The Supreme Court on Monday reserved judgements in the appeals filed by the presidential candidate of the Peoples Democratic Party (PDP), Atiku Abubakar, and that of the Labour Party (LP), Peter Obi, challenging the declaration of President Bola Tinubu of the All Progressives Congress (APC) as the winner of the February 25 presidential election.
Atiku and Obi separately attacked the judgement of the Presidential Election Petition Court (PEPC), which dismissed their petitions against the conduct of the 2023 presidential election and its outcome.
A seven-member panel of justices of the apex court, headed by Justice I. John Nyang Okoro, reserved judgements in the appeals for a date that would be communicated to parties after the adoption of the processes filed in the matter.
At Monday’s proceedings, Chief Chris Uche, who led the legal team of Atiku and PDP, informed the court of an interlocutory application seeking the leave of the court to present fresh evidence in the appeal.
The fresh evidence Atiku sought to tender is the academic record of Tinubu, handed over to him by Chicago State University (CSU) on October 2, 2023.
The 32-page document was released to the former Vice President on the orders of Judge Nancy Maldonado of the District Court of Illinois, Eastern Division, Illinois, United States of America.
The US court had ordered CSU to release the said documents to Atiku despite Tinubu’s objection because the court was convinced that it would help Atiku establish his allegation of forgery and lying on oath against Tinubu.
However, one of the justices on the panel, Justice Emmanuel Agim, told Atiku’s lead counsel that the deposition, which he sought to tender as evidence, was done in the chamber of lawyers to Atiku and not in the court as required by law.
Seeking further clarification, Justice Agim said: “I expected the college to write disclaiming the documents in dispute. Does a stenographer have the legal authority to administer oath? We are dealing with a matter that touches on the national interest of this country.”
In his response, Uche submitted that the legal system in the United States is different from that of the English legal system which is practised in Nigeria, and confirmed that the depositions were made in the law chambers of Atiku’s American lawyer, with representation by Tinubu’s American lawyer.
He insisted that there were no conflicts or disputes over the legality of the depositions.
Tinubu’s lawyer, Chief Wole Olanipekun, raised an objection to the admissibility of the depositions, saying such depositions have to be adopted by the individual that deposed to them before they can be admitted as evidence before a court.
In response, Uche argued that such is not the practice in foreign proceedings and clarified that the depositions were not based on a court order to clarify the discrepancies observed in the communication by the Chicago State University.
The presiding justice, Justice Okoro, observed that the issue of conflicting documents from the same institution is a serious criminal act that ought to be proved beyond reasonable doubt.
After hearing the appellants’ motion to admit fresh evidence and the objections by the respondents, the court directed the parties to adopt their briefs of arguments on the substantive appeal and thereafter reserved judgement for a date that would be communicated to the parties.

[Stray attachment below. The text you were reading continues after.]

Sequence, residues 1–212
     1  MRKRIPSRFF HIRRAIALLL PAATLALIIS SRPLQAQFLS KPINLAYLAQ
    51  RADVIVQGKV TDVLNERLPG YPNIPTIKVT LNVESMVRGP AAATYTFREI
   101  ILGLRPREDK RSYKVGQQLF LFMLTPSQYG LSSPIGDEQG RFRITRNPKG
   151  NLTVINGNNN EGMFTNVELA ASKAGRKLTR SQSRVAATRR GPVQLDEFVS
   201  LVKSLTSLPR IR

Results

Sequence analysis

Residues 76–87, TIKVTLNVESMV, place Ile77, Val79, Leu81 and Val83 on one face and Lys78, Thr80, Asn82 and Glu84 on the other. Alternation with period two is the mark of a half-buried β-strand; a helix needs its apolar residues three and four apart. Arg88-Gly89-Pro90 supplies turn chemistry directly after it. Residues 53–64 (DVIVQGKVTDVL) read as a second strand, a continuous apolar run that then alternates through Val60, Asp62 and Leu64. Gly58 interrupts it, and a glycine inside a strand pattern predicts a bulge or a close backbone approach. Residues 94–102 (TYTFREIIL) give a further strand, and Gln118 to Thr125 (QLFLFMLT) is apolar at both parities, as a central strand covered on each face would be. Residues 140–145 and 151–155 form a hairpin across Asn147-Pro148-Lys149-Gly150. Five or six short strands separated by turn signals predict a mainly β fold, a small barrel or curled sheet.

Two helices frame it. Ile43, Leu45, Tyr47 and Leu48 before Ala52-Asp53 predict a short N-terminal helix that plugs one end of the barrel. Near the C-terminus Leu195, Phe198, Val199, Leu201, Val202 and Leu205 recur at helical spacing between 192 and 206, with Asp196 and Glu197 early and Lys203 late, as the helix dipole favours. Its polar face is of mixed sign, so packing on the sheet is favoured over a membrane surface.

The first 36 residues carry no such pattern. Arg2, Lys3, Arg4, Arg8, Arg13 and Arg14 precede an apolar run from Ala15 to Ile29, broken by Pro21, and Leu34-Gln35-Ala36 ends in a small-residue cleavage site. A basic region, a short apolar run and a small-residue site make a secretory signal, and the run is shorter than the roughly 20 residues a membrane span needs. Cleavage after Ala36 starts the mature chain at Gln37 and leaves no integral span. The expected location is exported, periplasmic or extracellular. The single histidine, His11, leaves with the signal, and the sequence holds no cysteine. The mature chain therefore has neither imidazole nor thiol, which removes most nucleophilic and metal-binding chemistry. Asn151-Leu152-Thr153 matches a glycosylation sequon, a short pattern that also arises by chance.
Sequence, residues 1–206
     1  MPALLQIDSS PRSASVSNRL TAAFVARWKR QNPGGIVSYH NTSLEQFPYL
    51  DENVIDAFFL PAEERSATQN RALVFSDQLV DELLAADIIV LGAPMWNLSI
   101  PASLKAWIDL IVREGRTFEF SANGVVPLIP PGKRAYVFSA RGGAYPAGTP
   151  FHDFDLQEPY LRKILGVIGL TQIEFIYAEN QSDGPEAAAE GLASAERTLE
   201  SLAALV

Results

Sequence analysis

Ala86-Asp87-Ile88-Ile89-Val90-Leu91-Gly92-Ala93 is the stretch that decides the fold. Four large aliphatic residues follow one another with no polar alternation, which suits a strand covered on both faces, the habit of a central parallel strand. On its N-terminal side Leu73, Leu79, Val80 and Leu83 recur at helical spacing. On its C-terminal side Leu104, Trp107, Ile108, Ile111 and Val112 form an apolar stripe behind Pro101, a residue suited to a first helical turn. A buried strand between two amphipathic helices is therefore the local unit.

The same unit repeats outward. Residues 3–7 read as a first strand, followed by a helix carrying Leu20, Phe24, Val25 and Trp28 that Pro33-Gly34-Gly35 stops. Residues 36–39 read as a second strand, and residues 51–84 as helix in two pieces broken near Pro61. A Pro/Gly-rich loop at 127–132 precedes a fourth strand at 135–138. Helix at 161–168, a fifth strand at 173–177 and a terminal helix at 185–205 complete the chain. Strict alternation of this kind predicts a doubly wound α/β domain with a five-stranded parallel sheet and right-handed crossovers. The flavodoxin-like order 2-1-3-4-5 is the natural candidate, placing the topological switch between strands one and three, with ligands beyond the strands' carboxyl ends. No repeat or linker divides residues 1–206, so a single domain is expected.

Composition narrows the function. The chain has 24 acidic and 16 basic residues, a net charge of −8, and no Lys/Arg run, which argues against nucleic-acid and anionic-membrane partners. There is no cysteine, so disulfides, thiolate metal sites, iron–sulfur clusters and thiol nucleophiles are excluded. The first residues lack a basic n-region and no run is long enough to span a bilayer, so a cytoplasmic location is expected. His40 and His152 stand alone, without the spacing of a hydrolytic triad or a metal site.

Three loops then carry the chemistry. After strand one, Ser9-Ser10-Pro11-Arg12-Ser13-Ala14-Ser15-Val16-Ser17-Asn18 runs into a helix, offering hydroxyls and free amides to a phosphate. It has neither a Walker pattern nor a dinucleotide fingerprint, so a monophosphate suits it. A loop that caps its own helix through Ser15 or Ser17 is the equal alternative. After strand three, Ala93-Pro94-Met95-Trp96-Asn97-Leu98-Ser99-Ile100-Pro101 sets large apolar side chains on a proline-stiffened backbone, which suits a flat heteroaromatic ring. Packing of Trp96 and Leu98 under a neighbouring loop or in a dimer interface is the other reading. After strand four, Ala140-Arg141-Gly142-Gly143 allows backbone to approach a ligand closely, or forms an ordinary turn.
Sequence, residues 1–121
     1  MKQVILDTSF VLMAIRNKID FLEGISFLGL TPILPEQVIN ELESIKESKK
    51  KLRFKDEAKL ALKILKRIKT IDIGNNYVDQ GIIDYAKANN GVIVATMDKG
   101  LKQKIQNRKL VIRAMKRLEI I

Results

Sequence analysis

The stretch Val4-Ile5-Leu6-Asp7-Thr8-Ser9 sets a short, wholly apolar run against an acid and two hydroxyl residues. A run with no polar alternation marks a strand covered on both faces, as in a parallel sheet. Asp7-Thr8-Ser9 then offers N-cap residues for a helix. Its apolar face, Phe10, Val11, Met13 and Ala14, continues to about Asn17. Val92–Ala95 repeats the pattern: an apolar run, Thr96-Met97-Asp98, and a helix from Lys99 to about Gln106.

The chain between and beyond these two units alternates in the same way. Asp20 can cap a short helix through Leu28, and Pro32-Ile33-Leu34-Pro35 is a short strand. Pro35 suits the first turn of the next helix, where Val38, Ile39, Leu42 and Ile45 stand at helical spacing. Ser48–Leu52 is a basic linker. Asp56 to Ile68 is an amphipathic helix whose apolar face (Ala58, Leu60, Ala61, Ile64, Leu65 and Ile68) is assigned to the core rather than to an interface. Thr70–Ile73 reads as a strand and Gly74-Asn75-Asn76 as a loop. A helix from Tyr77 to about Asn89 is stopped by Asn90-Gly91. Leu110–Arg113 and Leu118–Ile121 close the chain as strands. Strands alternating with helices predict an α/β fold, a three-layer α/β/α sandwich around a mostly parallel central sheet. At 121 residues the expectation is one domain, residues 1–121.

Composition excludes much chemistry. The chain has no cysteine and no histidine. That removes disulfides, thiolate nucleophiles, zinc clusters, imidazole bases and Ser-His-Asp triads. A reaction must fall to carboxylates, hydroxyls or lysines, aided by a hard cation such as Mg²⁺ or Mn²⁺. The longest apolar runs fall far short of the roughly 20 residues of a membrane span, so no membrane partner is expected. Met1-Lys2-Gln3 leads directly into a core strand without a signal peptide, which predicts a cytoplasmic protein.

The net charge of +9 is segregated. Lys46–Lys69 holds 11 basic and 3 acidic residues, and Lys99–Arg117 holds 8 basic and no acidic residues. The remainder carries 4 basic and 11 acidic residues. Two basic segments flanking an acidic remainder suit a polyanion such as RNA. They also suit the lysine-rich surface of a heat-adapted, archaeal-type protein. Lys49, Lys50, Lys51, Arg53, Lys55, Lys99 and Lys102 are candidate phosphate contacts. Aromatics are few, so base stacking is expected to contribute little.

Abubakar Mahmoud, Chief Olanipekun, and Chief Akin Olujimi, who, respectively, represented INEC, Tinubu, and the All Progressives Congress (APC), listed as 1st to 3rd respondents, had, in their preliminary objections, urged the court to dismiss the appeal for lack of merit and being misconceived.
In the same vein, the apex court also reserved judgment in the joint appeal filed by Obi and the Labour Party challenging the victory of Tinubu at the February 25 presidential election.
The court announced the reservation of the judgement after the parties adopted their written addresses in the appeal.
While the lead counsel to Obi and his party, Dr Livy Uzoukwu, prayed to the apex court to allow the appeal and set aside the judgement of the lower court, Mahmoud, Olanipekun, and Olujimi, representing INEC, Tinubu, Vice President Kashim Shettima, and APC, urged the court to dismiss the appeal for lacking merit.
In another development, the Supreme Court on Monday dismissed the appeal brought before it by the Allied Peoples Movement (APM) against the judgement of the Presidential Election Petition Court (PEPC) delivered on September 6.
The court dismissed the appeal following an application for its withdrawal by APM’s lead counsel, Chukwuma-Machukwu Ume.
APM had argued that Tinubu was not qualified to contest the February 25 presidential election, having violated the provisions of Section 142 (1) of the Constitution of the Federal Republic of Nigeria 1999 (as amended).
The party also prayed for a declaration that the return of Tinubu by INEC as the President-elect of the Federal Republic of Nigeria is null and void; and that the withdrawal of the 5th respondent, Kabiru Masari, as Vice Presidential candidate to Tinubu, by the operations of the law, amounted to the automatic withdrawal and invalidation of the candidate of the APC. The party had asked for an order nullifying and voiding all votes scored by APC in the presidential election of February 25.
The party also applied for an order directing INEC to return the candidate with the second highest votes at the election as the winner of the presidential election.
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